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Posted by Harley Manning on September 27, 2012
I’m not the biggest NFL fan in the world, but now that I live in Boston, I follow the Patriots. I think it’s actually a requirement of citizenship.
And I do have a passing interest in some other teams. Who doesn’t love watching anyone named “Manning” throw a football? (Unless it’s against the Pats in the Super Bowl.)
With that as background, may I say that the now-ended lockout of NFL refs set the low watermark in football customer experience? Yeah, customer experience — not just for all those who buy tickets, but for all of us who “pay” for the games with our time by watching ads.
Lest we forget, let’s count some of the ways that the replacement refs ruined our Sunday afternoons and Monday nights:
What was the root cause of this disaster? The answer is that the NFL owners — who locked out the refs as a negotiating ploy — thought that the bad customer experience they inflicted on fans wasn’t going to hurt their business. From their inside-out perspective, that made sense. After all, the ratings for NFL broadcasts have been going up this season despite the "Amateur Night in Podunkville" performance of the refs.
A slow but steadily building populist uprising of fans might have reversed that viewership trend over time. We’ll never know that for sure, though, because on Monday night The Refs That Couldn’t Shoot Straight made such a colossally bad call in the Green Bay Packers versus Seattle Seahawks game that the fan protests turned from Occupy Wall Street into Arab Spring overnight.
And the leaders of the revolt? The media. While covering the game, ESPN analyst Jon Gruden called the job the replacement refs were doing "tragic and comical." After that, the volume of criticism by sportscasters — superfans if there ever were any — went to 11. With NFL players and former players piling on, the owners seemed to wake up. And two days later, we all woke up — to the news that the lockout had been settled pending a vote by the refs to approve the deal.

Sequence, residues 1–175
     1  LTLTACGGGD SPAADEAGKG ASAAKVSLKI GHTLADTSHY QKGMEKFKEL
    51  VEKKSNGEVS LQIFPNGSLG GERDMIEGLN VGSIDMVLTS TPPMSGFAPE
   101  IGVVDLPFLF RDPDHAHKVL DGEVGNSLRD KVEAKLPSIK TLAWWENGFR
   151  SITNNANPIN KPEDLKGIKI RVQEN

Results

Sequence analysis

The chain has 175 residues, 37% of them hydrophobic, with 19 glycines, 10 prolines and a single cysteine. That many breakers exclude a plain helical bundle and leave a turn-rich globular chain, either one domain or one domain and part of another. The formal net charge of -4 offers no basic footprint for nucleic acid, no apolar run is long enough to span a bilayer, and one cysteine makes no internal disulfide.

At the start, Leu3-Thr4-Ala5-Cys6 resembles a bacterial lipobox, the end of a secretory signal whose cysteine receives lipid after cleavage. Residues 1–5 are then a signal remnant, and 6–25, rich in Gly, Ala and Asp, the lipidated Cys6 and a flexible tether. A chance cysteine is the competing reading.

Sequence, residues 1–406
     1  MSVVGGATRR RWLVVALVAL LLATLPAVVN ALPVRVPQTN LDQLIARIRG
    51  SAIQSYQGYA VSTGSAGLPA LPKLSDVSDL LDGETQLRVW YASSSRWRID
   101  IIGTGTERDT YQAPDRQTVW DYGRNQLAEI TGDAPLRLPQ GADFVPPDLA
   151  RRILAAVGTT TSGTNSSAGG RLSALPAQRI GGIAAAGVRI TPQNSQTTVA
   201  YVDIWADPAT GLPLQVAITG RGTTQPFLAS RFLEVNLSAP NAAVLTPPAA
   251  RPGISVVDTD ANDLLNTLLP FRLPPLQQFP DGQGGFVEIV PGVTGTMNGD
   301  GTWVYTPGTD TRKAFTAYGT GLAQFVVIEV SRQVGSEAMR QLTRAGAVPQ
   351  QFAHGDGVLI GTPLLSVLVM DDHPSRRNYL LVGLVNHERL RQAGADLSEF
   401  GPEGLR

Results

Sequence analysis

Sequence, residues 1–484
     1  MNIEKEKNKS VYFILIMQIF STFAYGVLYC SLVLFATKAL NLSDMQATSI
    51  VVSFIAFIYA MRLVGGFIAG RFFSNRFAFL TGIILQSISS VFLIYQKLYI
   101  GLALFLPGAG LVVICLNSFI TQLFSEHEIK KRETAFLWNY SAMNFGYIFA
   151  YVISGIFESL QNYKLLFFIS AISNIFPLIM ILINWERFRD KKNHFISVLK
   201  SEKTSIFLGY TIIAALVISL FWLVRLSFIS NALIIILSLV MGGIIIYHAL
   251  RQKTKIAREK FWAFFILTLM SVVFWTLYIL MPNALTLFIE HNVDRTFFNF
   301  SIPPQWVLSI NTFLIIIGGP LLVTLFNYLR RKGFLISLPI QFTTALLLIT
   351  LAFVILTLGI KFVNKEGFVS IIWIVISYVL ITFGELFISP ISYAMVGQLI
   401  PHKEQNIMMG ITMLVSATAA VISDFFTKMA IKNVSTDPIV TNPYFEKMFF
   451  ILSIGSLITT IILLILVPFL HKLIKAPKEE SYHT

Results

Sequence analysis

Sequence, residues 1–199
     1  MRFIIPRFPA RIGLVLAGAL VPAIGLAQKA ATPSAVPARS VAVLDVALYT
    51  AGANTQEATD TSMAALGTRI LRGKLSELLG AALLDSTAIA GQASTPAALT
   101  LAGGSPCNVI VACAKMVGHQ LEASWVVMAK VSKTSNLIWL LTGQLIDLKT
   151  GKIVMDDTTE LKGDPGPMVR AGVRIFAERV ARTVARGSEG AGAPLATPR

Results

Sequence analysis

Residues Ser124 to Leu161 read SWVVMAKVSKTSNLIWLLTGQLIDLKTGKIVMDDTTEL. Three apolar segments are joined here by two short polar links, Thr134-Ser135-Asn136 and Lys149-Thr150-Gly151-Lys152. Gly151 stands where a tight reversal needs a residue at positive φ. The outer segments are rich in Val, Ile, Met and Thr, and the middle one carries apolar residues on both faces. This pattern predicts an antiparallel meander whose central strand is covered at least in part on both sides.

In our new book, Outside In, my co-author and I lay out a number of lessons that every organization should learn about the business impact of customer experience. Here are two that apply to this mess.
First, no industry is immune to the impact of a bad customer experience on business. That lesson applies to banks that keep trying to raise revenue by charging nuisance fees (but then lose customers to credit unions). It applies to business-to-business software companies that impose ridiculous “on-premises” licensing fees (but then lose customers to “pay-as-you-go” models” offered by competitors with a software-as-a-service model). And it applies to health insurance companies that held consumers captive for years through deals they cut with their employers (but now get forced by new laws to deliver a better experience by not denying coverage for pre-existing conditions, for example).
Second, it’s not just customer-facing employees who create a customer experience; it’s also everyone who works behind the scenes. In the NFL, the players directly create the experience, but it was the owners who broke the experience for fans. Similarly, if your sales associates treat customers poorly, think about the compensation policy your finance and human resources departments created that rewards their bad behavior. And if your phone agents get flooded with calls by customers who don’t understand their bills, examine the product bundles and pricing that your marketing department created that’s confusing the customers. Because the only way you’ll fix the experience is to align your customer experience ecosystem so that everyone in the business works together to a common end.
Bottom line: If you want your business so thrive in what we call the age of the customer, these are lessons that you’ll take to heart.